This was the Japanese seizure of Nauru and Ocean islands in the western part of the central Pacific (29/30 August 1942).
The undertaking was to have been implemented immediately after ‘Mo’ (ii) and before ‘Mi’ (ii) in order to provide Japan with the islands’ abundant quantities of phosphate, one of the starting points for the creation of effective fertilisers and for the phosphorus used in the manufacture of explosives.
Nauru island lies some 155 miles (250 km) to the north-west of Ocean island and about 390 miles (630 km) to the west of the Gilbert islands group, and the two islands were under Australian mandate control with the British Phosphate Commission running the mining operations associated with the manufacture of ammunition, explosives and fertilisers.
The German armed merchant raiders Orion and Komet sank five merchant ships and undertook a gunfire bombardment of Nauru island on 6 December 1940, causing damage to the phosphate mining operation and disrupting the Allied production of phosphate. After the raids, the Australian naval authorities requested British Admiralty agreement for the redeployment of Australian naval units to meet an repeat attack by German raiders. The Australian armed merchant cruiser Manoora arrived off Ocean island on 4 January 1941, and Australian and New Zealand warships maintained a continual presence off the islands during the subsequent months. A naval company and two field guns were deployed on each island.
The attacks also led to the introduction of convoys between Australia and New Zealand. Late in February 1942, the fear of a Japanese invasion of Nauru and Ocean islands prompted the despatch of a merchant ships, escorted by the Free French destroyer Triomphant, from the New Hebrides islands group to evacuate both Nauru and Ocean islands. The ships arrived on 23 February, and all European civilians were evacuated in the merchantman.
Though ‘Mo’ (ii) was cancelled on 8 May 1942, immediately following the Battle of the Coral Sea, Japanese naval forces left Rabaul on New Britain island and Bougainville island in the Solomon islands group on 11 May for ‘Ry’.
Rear Admiral Kiyohide Shima’s invasion force comprised the light cruiser Tatsuta, minelayers Okinoshima (flagship) and Tsugaru, and destroyers Uzuki and Yuzuki. Cover was provided by Vice Admiral Takeo Takagi’s 5th Cruiser Division (heavy cruisers Myoko and Haguro) and Destroyer Division 30 (Ariake, Mochizuki, Shigure and Shiratsuyu). The 6th Special Naval Landing Force and Kashima Special Naval Landing Force were carried by the transports Kinryu Maru and Takahata Maru.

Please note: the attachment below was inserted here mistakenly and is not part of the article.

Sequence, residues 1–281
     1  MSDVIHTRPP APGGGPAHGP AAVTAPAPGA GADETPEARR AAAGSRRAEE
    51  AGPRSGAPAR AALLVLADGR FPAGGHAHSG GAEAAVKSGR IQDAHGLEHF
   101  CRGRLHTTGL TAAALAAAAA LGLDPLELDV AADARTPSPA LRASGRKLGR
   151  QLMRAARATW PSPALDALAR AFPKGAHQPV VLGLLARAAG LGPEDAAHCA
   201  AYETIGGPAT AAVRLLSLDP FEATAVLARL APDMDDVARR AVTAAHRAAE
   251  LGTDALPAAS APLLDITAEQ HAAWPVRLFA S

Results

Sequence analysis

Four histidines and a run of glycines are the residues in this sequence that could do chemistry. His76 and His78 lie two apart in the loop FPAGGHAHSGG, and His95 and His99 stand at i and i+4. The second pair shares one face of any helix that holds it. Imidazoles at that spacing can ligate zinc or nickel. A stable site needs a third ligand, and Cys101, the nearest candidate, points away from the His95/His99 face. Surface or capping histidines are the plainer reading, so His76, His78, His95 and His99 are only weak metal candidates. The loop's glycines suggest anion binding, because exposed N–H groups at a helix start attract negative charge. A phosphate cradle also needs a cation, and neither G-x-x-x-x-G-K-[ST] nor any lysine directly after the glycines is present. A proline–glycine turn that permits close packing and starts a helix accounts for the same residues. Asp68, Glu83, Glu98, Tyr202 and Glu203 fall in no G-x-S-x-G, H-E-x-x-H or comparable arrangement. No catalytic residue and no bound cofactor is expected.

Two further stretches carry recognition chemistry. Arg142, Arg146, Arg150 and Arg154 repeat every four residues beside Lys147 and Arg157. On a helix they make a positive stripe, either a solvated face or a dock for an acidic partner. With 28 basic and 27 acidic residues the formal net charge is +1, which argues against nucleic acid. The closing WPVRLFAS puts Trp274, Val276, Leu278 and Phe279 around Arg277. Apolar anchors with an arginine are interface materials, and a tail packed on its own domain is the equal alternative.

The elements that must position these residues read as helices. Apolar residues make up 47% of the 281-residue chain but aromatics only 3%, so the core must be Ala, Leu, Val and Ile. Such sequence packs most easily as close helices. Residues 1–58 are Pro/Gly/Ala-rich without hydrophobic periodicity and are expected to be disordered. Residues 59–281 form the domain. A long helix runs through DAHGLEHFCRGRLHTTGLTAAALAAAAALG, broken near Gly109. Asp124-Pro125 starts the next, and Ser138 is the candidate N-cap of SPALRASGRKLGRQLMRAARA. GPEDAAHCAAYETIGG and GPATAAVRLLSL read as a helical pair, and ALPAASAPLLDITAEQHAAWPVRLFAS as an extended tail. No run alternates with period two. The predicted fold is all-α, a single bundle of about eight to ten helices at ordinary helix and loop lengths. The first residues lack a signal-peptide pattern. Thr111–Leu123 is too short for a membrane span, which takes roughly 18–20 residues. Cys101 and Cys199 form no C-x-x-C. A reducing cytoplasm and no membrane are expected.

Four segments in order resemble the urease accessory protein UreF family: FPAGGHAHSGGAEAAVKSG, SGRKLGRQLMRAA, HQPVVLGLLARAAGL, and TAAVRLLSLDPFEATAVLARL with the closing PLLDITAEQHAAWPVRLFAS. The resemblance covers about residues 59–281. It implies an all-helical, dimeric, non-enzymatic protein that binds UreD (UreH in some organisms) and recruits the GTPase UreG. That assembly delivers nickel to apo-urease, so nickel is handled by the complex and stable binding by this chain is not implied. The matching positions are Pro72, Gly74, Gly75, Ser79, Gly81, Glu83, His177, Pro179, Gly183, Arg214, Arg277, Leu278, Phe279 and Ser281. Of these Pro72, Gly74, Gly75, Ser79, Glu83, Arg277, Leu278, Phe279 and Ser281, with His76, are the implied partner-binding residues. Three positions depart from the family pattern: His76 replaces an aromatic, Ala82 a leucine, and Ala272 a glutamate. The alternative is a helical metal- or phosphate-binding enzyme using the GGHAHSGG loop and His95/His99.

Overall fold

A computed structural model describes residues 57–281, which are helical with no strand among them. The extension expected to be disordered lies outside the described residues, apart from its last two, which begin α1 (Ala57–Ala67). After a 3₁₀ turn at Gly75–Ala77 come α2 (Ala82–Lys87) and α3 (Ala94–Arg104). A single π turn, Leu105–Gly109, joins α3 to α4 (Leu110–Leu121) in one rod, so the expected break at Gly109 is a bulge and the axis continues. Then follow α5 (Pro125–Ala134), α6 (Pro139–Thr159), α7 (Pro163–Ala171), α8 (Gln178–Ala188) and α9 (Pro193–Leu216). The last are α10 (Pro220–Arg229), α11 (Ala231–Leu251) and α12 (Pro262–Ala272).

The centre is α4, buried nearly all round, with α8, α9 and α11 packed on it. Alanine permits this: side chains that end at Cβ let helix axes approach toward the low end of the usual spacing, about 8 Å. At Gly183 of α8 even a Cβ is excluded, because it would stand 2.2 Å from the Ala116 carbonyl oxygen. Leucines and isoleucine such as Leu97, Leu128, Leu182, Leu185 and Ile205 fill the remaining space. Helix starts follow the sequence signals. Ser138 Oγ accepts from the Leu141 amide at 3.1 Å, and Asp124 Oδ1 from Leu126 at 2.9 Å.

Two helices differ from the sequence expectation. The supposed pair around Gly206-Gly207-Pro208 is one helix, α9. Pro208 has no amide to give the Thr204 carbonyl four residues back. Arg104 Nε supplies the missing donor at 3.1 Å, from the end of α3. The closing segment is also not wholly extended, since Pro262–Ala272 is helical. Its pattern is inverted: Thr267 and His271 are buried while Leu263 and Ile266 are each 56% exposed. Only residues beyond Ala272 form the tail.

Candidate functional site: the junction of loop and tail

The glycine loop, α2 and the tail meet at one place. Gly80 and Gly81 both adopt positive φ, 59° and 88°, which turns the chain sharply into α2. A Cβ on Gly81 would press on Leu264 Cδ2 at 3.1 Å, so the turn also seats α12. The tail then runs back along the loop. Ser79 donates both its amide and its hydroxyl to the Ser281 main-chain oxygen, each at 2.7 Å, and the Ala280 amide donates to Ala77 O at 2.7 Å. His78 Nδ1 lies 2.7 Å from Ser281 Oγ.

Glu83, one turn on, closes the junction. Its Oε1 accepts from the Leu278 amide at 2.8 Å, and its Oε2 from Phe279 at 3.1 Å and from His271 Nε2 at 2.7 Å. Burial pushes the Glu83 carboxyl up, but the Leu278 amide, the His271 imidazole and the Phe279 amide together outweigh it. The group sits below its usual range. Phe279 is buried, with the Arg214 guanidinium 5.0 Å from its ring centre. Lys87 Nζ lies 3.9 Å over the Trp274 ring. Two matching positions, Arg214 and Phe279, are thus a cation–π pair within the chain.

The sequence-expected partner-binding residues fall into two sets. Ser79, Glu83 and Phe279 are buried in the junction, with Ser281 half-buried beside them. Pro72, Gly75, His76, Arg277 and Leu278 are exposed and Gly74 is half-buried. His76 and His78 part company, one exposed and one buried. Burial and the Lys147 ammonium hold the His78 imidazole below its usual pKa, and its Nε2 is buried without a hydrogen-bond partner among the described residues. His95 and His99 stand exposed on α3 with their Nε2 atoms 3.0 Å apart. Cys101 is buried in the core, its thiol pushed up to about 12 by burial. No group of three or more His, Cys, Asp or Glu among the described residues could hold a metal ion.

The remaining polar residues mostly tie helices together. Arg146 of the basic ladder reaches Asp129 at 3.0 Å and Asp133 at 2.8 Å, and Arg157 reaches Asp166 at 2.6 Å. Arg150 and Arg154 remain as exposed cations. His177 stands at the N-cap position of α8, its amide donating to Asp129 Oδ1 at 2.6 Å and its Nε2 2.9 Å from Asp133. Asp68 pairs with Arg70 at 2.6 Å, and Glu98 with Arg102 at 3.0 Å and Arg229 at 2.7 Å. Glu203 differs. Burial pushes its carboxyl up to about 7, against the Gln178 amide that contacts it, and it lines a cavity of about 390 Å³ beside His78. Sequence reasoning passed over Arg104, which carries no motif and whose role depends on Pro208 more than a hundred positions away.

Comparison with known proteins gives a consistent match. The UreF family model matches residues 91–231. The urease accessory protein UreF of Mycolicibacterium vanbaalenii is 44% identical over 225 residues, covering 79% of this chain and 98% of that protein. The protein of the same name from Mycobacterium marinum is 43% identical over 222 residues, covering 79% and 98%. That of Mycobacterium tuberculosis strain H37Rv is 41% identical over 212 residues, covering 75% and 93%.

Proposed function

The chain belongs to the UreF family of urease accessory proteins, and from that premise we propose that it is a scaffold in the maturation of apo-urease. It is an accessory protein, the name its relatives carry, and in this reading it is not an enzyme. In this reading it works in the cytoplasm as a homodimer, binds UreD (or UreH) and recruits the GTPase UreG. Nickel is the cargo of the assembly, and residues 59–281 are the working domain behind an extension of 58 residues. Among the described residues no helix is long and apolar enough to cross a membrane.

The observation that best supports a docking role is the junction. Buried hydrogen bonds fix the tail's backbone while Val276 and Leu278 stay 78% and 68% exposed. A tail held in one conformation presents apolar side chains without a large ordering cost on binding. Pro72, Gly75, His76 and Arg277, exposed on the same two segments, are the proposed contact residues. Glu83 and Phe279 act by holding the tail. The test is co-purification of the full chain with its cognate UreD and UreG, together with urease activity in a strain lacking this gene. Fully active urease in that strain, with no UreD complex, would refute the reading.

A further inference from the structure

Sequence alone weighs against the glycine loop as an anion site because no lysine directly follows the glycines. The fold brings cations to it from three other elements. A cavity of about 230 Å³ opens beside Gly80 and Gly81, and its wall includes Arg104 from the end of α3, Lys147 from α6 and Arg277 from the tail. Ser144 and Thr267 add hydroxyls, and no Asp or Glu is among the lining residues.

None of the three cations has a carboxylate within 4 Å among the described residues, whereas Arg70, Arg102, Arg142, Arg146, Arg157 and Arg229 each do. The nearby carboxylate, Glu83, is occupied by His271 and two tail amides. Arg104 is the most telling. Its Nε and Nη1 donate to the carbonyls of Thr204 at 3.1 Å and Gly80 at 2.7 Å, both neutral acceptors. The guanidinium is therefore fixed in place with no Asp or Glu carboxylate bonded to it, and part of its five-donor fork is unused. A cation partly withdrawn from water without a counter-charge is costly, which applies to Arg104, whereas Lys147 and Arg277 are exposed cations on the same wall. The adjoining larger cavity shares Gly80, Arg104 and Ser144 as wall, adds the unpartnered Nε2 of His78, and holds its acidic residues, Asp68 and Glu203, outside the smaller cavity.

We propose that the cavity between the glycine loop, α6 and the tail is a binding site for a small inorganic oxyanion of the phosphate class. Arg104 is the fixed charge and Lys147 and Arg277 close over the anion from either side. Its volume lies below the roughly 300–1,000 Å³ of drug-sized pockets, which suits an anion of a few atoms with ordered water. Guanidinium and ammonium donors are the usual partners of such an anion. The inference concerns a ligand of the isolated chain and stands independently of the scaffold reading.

Off New Ireland, Okinoshima was torpedoed and severely damaged by the US submarine S-42 on 12 May. The invasion force’s convoy escorts depth-charged the area for more than six hours, until 11.30, causing damage to S-42 and persuading the captain to return to base at Moreton Bay near Brisbane in Australia. With Mochizuki towing Okinoshima, Shima transferred to the destroyer Yuzuki to the south-west of Buka island off Bougainville. At 06.40, Okinoshima capsized and sank in St George’s Channel of the Bismarck Sea. Despite Okinoshima’s loss, the rest of the Japanese force continued the operation.
As these forces were en route, however, a Japanese scout floatplane from Tulagi sighted the US fleet carriers Enterprise and Hornet heading toward Nauru island. On the basis of intelligence derived from intercepted Japanese communications, the carriers had been sent to the area as a feint to try to stop the Japanese operation. The feint was successful and, fearing the threat posed by the US carriers to the ‘Ry’ forces, which lacked any type of air cover, the Japanese cancelled the operation on 15 May and the forces returned to Rabaul.
Departing Truk island in the Caroline islands group on 26 August 1942, the second invasion force comprised the light cruiser Yubari, destroyers Oite, Yuzuki, Ariake, Yugure and Yunagi, and transport Hakozaki Maru. Men of the 43rd Guard Force and 62nd Guard Force landed on Nauru island and Ocean island respectively on 29 and 30 August without encountering any opposition.
The Japanese held Nauru island until 14 September 1945, when Captain Saeda’s garrison surrendered to an Australian officer, Brigadier John R. Stevenson, delivered by the Australian frigate Diamantine, and held Ocean island until 1 October, when Commander Suzuki’s garrison surrendered.